Help with probability&stat problem

Discussion in 'Scientific Statistics Math' started by tutorny, Jun 11, 2007.

  1. tutorny

    Jack Tomsky Guest

    My response

    My calculation of the probability as 0.9753 was exact, while your calculation of 0.9786 was a mediocre approximation. The professor would have given me an A for my answer and given you an F for your answer.

    Jack
     
    Jack Tomsky, Jun 12, 2007
    #21
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  2. Binomial law DF: a simple program

    N=110, p=0.2

    ________p(X<=110) = 1.0000000000
    ________p(X<=10) = 0.0015595228
    ________p(X<=22) = 0.5567271744
    ________p(X<=30) = 0.9752864841
    ________p(X<=50) = 0.9999999996
    ________
    ________Licas


    REM "BINcum"
    CLS
    DEFDBL A-Z
    PRINT " F(a) = p(X<=a) X=Bin(p, N) "
    INPUT " p , N "; p, n
    INPUT " a ( a<=n ) "; a
    w = p / (1 - p)
    DIM pp(n)
    pp(0) = (1 - p) ^ n: s = pp(0)
    IF a = 0 THEN GOTO 10
    FOR j = 0 TO n - 1
    IF j > a - 1 THEN GOTO 10
    pp(j + 1) = pp(j) * (n - j) / (j + 1) * w
    s = s + pp(j + 1)
    NEXT j
    10 LOCATE 10, 50: PRINT USING "#.########## "; s
    END
     
    Luis A. Afonso, Jun 13, 2007
    #22
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  3. tutorny

    Jack Tomsky Guest

    Binomial law DF: a simple program


    Now for the same cases, compare these simple exact results with the Afonso normal approximation employing his continuity correction.

    p(X<=110)= 1.0000000000
    p(X<=10) = 0.0030607156
    p(X<=22) = 0.5474347428
    p(X<=30) = 0.9786231409
    p(X<=50) = 1.0000000000

    The conclusion is that it is better to use the simple exact binomial calculations.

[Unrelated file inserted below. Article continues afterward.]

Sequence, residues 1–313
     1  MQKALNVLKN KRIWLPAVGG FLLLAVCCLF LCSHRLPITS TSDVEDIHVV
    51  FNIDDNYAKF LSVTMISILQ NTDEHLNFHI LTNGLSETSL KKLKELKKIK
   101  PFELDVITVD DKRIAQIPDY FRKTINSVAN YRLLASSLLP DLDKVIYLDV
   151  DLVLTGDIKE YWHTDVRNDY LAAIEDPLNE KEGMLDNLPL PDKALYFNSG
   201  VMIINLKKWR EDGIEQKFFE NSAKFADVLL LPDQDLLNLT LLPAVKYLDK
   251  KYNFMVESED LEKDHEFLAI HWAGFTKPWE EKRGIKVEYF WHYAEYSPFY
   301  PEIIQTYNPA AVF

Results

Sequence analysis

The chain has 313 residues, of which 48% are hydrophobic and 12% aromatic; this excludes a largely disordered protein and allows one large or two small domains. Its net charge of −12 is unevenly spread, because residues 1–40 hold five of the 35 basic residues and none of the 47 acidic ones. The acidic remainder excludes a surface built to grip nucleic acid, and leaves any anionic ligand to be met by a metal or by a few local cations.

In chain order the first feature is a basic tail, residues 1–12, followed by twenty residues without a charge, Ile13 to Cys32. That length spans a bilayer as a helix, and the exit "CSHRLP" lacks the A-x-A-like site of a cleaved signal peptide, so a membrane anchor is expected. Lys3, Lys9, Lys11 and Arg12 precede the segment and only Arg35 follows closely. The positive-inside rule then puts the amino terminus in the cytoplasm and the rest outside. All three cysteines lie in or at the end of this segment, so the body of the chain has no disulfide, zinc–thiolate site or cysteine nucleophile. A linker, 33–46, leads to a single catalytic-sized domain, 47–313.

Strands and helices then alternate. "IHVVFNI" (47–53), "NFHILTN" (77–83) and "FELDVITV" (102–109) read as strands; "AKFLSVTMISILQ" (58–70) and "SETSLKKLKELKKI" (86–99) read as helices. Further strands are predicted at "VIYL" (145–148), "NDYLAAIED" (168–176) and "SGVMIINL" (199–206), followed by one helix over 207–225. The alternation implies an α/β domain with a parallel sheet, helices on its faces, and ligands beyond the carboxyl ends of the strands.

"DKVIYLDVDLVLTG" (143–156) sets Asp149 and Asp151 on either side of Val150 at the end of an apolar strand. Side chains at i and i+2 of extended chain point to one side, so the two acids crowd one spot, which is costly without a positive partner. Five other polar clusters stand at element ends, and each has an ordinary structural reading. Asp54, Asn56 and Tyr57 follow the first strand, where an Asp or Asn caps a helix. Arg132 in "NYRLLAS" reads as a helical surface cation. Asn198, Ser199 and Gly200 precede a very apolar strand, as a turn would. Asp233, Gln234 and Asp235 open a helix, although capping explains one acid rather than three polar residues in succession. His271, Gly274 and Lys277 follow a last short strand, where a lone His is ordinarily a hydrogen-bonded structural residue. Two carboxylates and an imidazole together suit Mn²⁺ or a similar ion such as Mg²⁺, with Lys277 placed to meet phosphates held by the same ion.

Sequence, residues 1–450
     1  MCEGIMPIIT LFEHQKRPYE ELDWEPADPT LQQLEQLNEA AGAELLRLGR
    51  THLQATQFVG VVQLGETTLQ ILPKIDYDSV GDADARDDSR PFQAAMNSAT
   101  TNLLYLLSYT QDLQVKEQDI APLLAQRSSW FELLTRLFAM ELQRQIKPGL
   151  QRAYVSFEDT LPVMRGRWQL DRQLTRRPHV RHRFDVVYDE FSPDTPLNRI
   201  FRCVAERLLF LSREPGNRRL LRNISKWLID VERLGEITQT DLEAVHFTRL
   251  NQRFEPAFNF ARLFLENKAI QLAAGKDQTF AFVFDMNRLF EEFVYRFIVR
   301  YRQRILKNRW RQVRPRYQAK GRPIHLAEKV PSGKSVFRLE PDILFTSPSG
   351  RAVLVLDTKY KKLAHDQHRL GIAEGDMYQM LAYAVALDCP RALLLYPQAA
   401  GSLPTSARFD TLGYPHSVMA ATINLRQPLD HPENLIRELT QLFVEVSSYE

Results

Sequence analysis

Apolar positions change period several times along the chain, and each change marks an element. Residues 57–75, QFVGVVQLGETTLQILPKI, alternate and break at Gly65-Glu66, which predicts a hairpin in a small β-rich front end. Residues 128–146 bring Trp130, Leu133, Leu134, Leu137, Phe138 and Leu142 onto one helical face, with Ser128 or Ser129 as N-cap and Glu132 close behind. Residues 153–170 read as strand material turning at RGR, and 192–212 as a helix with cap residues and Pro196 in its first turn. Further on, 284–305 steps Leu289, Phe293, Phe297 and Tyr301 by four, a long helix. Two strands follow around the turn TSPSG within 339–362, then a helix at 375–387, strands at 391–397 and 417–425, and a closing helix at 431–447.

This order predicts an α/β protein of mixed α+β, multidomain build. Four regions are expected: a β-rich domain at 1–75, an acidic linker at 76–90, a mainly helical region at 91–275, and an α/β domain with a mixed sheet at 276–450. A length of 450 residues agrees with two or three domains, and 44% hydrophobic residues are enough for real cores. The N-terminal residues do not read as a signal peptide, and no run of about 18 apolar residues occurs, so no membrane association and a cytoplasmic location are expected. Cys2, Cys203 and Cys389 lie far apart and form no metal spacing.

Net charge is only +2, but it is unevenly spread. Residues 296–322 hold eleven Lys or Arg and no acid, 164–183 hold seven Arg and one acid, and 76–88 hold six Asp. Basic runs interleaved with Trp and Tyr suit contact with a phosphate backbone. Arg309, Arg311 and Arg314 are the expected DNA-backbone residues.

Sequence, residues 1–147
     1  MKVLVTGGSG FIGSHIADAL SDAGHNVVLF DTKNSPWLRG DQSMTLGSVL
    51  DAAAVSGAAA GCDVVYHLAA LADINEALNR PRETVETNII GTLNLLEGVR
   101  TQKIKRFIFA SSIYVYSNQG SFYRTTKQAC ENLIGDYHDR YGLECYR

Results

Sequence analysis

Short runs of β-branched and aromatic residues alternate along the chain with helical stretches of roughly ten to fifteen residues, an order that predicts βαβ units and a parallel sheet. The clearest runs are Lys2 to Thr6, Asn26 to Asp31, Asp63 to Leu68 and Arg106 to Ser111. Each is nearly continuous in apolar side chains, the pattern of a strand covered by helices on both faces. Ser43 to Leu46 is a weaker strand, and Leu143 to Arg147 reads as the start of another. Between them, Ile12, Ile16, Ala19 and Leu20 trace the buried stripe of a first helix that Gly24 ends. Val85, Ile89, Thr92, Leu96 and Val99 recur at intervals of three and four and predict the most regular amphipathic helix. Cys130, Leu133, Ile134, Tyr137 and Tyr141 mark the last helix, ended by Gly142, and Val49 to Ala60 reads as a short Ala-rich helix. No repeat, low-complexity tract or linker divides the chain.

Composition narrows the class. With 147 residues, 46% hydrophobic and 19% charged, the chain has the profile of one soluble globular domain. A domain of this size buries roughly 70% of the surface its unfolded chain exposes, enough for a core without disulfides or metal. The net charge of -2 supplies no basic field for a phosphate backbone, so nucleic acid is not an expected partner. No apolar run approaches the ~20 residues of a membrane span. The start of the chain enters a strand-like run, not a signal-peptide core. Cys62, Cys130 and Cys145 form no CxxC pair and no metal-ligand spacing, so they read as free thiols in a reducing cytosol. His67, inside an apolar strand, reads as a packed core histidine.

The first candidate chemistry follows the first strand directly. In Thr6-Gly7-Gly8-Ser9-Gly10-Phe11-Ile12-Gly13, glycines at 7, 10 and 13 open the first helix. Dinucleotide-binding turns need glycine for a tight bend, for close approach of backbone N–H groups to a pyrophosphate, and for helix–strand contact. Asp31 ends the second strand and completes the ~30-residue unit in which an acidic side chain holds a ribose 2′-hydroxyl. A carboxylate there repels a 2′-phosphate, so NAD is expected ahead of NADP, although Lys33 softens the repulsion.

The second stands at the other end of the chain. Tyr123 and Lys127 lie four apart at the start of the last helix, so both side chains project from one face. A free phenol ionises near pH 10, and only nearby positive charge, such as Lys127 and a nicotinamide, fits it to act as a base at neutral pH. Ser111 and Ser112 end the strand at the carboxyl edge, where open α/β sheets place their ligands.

Jack
     
    Jack Tomsky, Jun 13, 2007
    #23
  4. EXACT : p(X<=10) = 0.00156

    Normal Approximation

    *** Without C.C.
    Z = (10 - 22)/sqrt(0.2*0.8*110) = -22/ 4.1952…= -2.8604. _________________ F(Z) = 0.00212
    *** With C.C.
    ________Z = (10 - 22 + 0.5)/ 4.1952… = -2.9796
    ________________________ F(Z) = 0.00144


    The differences approx-EXACT are respectively

    _______Without = +0.00056
    _______With C.C. = -0.00012


    ... and all Jack Tomsky´s argumentation falls on earth.
    *********************************************

    Licas
     
    Luis A. Afonso, Jun 13, 2007
    #24
  5. tutorny

    Anon. Guest

    What seems very silly about this latest spat is that Jack showed the
    exact test, and made the comparison to the approximation that the OP had
    used. Luis has used a different approximation, and come to a slightly
    different answer.

    But you both appear to agree on the exact calculation.

    Bob

    --
    Bob O'Hara

    Dept. of Mathematics and Statistics
    P.O. Box 68 (Gustaf Hällströmin katu 2b)
    FIN-00014 University of Helsinki
    Finland

    Telephone: +358-9-191 51479
    Mobile: +358 50 599 0540
    Fax: +358-9-191 51400
    WWW: http://www.RNI.Helsinki.FI/~boh/
    Journal of Negative Results - EEB: http://www.jnr-eeb.org
     
    Anon., Jun 13, 2007
    #25
  6. Added Note

    1) The discussion was about if C.C. worsen the results comparing with the raw calculation. IT DID NOT.
    2) The two normal approximations have rather different accuracies (they ARE NOT slightly different contrarily Bob said).
    ______Relative errors (absolute values):
    ______ Not using C.C.___ (282-156)/156 = 35.9%
    _________ using C.C.___ (144-156)/156 = 7.7 %
    Therefore
    ______this last one procedure improves almost FIVE TIMES the result. To use it is an indisputable MUST.
    **********************

    Licas
     
    Luis A. Afonso, Jun 13, 2007
    #26
  7. tutorny

    Jack Tomsky Guest

    EXACT : p(X<=10) = 0.00156


    (10-22+0.5)/4.1952 = -2.7412, not 2.9796. Thus F(z) = 0.00306, not 0.00144.

    Jack
     
    Jack Tomsky, Jun 13, 2007
    #27
  8. tutorny

    Jack Tomsky Guest

    Added Note


    The exact probablity calculated from the binomial distribution is 0.0015595.

    The Afonso normal approximation is 0.002115.

    The "improved" Afonso normal approximation with a correction factor is 0.003061, which is worse.